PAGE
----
Writer Life Lesson #5: Write What You Know

Whether you are new to writing, or have been writing for decades, you have some knowledge. You know what you do, who you are, and what you write. Just as no two people can write the exact same novel, there are no two people that have the same exact knowledge base. Why not use that to your advantage as a writer?

This week’s lesson is: Write What You Know

Write something you know about, so you don’t have to do as much research in the first draft. Write something you can be knowledgeable about, so you don’t accidentally write you into a corner, and start over again. You don’t even have to know everything about the topic, but it interests you and you have what I like to call “TV Knowledge”.

TV Knowledge is the most basic grasp of something. It’s the Law and Order version of Law, the CSI version of crime scenes, the House M.D. of medicine. It’s just enough knowledge to make a somewhat intelligent plot that could be plausible. It’s just enough information so the viewer, or in your case the reader, doesn’t get bored. It’s the knowledge dumbed down enough so readers don’t feel like they’re reading a textbook.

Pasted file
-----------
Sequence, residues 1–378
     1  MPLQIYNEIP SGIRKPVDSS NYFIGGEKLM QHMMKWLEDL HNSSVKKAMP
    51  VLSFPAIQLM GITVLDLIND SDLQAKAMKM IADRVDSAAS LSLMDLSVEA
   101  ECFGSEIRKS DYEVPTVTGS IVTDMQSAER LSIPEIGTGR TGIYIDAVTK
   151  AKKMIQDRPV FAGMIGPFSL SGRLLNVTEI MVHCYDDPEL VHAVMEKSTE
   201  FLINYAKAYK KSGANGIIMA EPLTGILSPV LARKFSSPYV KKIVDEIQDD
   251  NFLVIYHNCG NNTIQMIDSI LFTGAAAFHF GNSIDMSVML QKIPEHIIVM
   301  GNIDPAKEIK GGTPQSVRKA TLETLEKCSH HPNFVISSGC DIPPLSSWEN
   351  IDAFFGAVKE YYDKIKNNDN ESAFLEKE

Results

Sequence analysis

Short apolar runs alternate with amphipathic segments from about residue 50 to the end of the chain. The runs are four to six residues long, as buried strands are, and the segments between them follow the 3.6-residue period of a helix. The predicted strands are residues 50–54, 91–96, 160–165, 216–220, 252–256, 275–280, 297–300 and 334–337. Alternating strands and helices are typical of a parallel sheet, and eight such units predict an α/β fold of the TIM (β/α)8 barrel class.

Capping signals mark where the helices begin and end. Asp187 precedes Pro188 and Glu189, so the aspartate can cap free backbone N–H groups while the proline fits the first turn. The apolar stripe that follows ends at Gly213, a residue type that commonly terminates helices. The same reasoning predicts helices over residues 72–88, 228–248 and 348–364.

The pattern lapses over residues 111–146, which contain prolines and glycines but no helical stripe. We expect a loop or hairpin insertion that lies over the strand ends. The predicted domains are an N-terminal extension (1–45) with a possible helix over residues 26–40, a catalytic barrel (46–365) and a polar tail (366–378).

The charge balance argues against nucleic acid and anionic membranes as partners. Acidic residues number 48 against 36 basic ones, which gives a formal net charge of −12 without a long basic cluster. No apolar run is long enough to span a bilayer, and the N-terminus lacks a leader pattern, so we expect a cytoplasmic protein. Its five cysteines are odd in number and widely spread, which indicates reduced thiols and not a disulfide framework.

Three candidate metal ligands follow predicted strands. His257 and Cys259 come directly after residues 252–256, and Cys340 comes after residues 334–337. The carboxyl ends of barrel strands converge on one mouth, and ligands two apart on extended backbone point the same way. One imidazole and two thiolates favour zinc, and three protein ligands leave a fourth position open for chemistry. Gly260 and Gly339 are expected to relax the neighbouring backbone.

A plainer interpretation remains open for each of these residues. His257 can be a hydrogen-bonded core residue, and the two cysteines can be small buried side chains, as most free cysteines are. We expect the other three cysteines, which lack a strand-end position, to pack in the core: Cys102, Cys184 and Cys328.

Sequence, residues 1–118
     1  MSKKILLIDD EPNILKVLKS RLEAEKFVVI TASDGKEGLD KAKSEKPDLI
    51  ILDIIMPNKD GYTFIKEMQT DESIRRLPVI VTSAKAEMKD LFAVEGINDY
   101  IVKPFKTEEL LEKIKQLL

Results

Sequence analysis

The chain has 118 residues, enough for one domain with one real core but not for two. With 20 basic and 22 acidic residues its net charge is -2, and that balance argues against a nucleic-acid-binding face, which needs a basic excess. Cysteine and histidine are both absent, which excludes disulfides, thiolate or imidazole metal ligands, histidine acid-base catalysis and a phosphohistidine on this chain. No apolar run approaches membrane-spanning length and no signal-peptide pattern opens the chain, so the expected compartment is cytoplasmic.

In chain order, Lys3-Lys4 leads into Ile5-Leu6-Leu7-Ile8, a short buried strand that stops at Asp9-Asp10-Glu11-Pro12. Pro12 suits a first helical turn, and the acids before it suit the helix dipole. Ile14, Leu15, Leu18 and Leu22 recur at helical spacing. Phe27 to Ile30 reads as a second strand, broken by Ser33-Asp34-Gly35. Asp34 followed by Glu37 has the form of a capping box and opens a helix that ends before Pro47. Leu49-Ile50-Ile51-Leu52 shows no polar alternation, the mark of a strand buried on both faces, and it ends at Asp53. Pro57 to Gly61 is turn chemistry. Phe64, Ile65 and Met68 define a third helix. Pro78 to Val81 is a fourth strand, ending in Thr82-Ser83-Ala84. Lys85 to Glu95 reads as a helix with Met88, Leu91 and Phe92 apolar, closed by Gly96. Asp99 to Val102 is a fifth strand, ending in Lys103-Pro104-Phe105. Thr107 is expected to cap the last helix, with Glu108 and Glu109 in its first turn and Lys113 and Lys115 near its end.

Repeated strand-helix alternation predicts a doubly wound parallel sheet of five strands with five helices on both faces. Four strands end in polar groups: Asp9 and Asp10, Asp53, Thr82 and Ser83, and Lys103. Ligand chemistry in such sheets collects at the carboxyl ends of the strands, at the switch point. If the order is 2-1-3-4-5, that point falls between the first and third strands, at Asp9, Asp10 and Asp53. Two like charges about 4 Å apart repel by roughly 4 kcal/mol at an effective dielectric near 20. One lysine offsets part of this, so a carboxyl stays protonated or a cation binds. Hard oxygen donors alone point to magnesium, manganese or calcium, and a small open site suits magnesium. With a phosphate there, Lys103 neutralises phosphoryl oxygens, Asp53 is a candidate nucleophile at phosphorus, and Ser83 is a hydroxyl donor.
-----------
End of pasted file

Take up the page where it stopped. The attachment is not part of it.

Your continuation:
TV Knowledge is great to start with, for first drafts, to get your words on the page so you can fix them later. But it’s not the best for a final draft. I’m not saying you have to research every little thing, but you have to keep it believable for your genre. You have to do enough research after the first draft to make it seem believable.

There is nothing more difficult than trying to write about disseminated intravascular coagulation if you can’t even pronounce it or if you don’t even know what it is. If you know something about what you are writing, then the words can come at least a little bit easier. If you don’t have to research every other sentence, you can write easier. Sure, there will be some things that you have to research, but that’s only after the first draft is done.

First drafts are for writing. Subsequent drafts are for researching. To start out, write what you know.

As a writer for several years, I have several examples of writing what I know. One of my first novels in college, which is currently on hiatus, but is connected to my current series, was about a CNA, which is what I was at that time. I knew quite a bit about that, so I started with that, which led to a journey that started with a kiss. It was cheesy, a bit immature, and needed a lot of work, but I wrote what I knew at that time. I put my experiences and my feelings onto those pages. I made it mine. No one else could have written it the exact same way that I did, because they didn’t know all that I did. All that I do.

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There are nine types of knowledge. Every one of them can aid in writing.

So what do you know about? How does that make it’s way into your writing?

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